Database of plant-flower visitor interactions from Ireland
Russo, Laura et al. (2022), Database of plant-flower visitor interactions from Ireland, Dryad, Dataset, https://doi.org/10.5061/dryad.kwh70rz47
Beneficial insects provide valuable services upon which we rely, including pollination. Pollinator conservation is a global priority, and a significant concern in Ireland, where over half of extant bee species have declined significantly in recent decades. As flower-visiting insects rely on flowering plants, one way to conserve and promote pollinator populations is to protect high-quality habitat. We analysed the structure of insect-flower interactions from multiple habitat categories in a large database of interactions from Ireland. Our primary goals were to compare spatial and temporal variation in Irish network structures, compare Irish networks to published networks from other countries, and provide evidence-based recommendations for pollinator conservation in Ireland by identifying well-visited plant species that may promote high pollinator diversity, abundance, and functional complementarity. Habitat types within Ireland differed substantially: semi-natural grasslands had the highest pollinator species richness and largest number of unique pollinator species, while intensively-managed habitats exhibited negative asymmetry (more plant than pollinator species). This negative asymmetry is notable because most plant-pollinator networks exhibit a positive asymmetry. Within intensively-managed habitats, agricultural and urban habitats differed. Urban habitats had the highest number of non-native plant species while agricultural habitats had the lowest pollinator species richness. We also found Irish networks varied across the growing season, where July had the highest plant and insect species richness. When comparing Irish networks to published networks from other countries, we found Irish networks had a higher ratio of plant species to pollinator species, and that this difference was most evident in agricultural habitats. This ratio means the typical network asymmetry (more pollinator than plant species) was flipped (more plant than pollinator species) in the Irish network. We conclude that conserving semi-natural grasslands in Ireland will be an essential component of pollinator conservation and identify thirty-five plant species important for restoring semi-natural habitats.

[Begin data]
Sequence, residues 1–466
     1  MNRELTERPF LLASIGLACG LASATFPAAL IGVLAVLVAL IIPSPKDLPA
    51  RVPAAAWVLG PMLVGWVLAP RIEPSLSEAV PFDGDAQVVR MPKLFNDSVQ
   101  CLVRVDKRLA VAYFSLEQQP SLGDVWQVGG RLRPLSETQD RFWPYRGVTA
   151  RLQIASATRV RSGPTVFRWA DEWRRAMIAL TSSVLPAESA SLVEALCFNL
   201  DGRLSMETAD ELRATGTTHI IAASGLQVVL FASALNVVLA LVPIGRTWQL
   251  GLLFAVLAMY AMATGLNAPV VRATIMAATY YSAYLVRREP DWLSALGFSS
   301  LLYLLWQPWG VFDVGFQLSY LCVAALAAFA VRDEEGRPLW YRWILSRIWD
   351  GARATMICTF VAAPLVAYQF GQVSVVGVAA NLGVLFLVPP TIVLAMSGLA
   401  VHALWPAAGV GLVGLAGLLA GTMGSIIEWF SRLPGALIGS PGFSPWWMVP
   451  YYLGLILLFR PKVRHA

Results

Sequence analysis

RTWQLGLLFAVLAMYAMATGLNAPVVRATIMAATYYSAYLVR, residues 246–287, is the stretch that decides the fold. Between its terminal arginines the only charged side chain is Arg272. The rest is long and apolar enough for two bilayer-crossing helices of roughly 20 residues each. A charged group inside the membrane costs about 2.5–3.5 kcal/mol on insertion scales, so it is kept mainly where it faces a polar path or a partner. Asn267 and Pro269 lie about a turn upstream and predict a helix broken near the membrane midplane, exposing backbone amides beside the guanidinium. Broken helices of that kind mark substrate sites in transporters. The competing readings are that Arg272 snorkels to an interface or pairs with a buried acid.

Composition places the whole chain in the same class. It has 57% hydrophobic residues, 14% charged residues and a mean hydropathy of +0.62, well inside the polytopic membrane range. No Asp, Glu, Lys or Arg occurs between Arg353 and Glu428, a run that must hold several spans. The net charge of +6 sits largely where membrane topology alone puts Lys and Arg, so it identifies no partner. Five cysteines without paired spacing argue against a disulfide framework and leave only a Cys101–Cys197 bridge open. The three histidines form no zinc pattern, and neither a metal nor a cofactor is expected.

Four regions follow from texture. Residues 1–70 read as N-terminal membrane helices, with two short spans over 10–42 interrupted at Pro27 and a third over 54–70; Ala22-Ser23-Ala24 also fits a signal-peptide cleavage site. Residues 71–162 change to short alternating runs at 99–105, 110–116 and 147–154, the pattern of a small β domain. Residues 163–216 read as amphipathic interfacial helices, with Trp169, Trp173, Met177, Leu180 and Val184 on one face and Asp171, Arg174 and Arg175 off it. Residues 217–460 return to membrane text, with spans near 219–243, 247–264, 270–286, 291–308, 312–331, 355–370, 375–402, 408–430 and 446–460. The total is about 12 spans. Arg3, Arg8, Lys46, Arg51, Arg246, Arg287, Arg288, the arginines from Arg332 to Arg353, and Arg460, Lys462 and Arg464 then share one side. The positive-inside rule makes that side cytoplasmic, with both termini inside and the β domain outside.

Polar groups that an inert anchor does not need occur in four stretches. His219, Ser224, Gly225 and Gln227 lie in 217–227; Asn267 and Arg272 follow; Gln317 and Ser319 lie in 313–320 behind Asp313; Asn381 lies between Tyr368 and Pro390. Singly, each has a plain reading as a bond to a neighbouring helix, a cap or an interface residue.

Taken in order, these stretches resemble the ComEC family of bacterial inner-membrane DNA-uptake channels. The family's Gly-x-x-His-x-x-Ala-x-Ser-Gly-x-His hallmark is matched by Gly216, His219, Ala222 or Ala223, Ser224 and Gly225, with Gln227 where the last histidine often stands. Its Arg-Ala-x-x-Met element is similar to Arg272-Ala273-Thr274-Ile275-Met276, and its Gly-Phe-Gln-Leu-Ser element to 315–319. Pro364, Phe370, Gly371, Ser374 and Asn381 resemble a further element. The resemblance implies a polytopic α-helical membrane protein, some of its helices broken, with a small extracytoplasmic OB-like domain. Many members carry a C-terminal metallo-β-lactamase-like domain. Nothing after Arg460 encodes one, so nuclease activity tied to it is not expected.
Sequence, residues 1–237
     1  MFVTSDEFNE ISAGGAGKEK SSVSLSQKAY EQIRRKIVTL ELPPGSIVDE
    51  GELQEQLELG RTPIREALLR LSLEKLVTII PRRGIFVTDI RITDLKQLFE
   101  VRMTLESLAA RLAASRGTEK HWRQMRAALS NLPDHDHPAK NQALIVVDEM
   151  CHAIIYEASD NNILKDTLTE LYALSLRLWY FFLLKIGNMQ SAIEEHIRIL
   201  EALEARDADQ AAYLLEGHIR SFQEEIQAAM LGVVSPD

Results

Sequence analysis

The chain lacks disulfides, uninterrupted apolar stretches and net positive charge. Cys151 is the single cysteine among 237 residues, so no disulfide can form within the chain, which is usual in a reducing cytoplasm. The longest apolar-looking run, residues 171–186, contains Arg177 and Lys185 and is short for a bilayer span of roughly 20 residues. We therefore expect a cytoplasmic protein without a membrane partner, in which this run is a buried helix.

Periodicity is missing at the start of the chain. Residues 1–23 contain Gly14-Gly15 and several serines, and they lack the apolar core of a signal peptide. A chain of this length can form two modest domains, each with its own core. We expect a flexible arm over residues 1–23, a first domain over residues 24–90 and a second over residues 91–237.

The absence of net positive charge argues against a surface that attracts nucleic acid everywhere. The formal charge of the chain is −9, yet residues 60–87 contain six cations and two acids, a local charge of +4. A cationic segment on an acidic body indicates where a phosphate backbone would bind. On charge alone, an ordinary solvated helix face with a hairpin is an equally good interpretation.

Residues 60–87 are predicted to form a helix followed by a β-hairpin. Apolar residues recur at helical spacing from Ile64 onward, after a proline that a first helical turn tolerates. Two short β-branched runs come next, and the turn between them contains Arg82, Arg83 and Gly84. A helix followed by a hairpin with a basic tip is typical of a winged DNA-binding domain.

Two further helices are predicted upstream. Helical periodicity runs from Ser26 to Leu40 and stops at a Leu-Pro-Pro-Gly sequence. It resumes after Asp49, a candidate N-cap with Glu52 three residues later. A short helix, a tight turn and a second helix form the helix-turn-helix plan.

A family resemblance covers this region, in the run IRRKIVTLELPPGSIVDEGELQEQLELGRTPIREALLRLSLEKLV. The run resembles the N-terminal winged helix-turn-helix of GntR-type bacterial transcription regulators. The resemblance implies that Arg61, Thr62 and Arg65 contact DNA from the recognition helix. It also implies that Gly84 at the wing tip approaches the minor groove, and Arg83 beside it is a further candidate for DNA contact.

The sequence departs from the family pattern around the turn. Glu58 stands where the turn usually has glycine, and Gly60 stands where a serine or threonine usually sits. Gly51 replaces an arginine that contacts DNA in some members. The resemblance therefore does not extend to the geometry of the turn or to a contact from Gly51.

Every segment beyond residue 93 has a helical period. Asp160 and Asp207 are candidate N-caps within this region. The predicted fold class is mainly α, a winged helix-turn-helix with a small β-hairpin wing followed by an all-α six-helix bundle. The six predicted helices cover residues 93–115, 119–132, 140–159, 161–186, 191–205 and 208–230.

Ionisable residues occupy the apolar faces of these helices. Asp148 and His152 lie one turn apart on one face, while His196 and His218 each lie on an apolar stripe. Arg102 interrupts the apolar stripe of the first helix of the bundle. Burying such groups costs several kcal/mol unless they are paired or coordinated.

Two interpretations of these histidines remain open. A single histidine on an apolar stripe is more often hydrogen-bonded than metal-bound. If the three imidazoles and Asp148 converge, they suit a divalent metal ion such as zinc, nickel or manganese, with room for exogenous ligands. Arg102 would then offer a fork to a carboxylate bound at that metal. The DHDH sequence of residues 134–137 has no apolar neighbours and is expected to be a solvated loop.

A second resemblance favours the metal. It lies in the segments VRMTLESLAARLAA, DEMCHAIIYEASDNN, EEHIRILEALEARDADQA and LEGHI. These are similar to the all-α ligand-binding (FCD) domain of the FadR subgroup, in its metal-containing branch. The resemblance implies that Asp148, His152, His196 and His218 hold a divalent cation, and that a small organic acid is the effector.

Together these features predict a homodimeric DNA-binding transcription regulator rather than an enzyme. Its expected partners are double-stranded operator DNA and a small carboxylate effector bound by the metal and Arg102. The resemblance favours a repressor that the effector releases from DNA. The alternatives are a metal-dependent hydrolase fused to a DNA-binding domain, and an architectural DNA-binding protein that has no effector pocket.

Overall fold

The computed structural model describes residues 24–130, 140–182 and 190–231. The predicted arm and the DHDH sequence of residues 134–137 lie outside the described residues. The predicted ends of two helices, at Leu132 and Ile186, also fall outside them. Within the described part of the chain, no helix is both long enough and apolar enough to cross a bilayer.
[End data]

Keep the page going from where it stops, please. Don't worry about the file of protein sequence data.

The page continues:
The data used for these analyses were collated from six different studies in Ireland where obligately flower-visiting insects (specifically Lepidoptera, bees, and hoverflies) were observed/collected while foraging on flowers. The surveyor recorded both insect and plant identification to the highest resolution possible and took samples where field identification was not possible. These interactions were recorded from May through August in 2009-2011 and 2017 and April through October in 2018. The surveyor assigned the habitat type for each sampling event according to the Fossitt guide to habitat types of Ireland. In most cases, the surveyor also quantified the floral abundance of the different plant species visited during a transect. Altogether, these constituted 800 surveys and ~ 940 hours of sampling time over more than 709,721 m2 of transect area. We observed/collected 4,538 specimens representing 148 insect visitor species on 239 plant species. Of the plant species identified in this study, 74 were not native to Ireland.
From these datasets, we automatically excluded any data where the host plant or insect visitor was not resolved to at least genus. We included some specimens identified to genus only, as some plant and insect taxa were difficult/impossible to resolve to species, often listed as “aggregates” (e.g. Taraxacum agg. and Bombus lucorum agg.). Only one study reported plant species present that did not receive visits (“true zeroes”), so we excluded these records. For the phenological comparisons, we included all remaining data, but when comparing habitat types, we excluded records where the surveyor included more than one habitat type in a single survey. When ranking species importance, we only included data where the surveyor counted the number of floral units (e.g. inflorescences, racemes, umbels) to quantify visitation rate (number of flower visitors per unit floral area).
H2020 Marie Skłodowska-Curie Actions, Award: FOMN-705287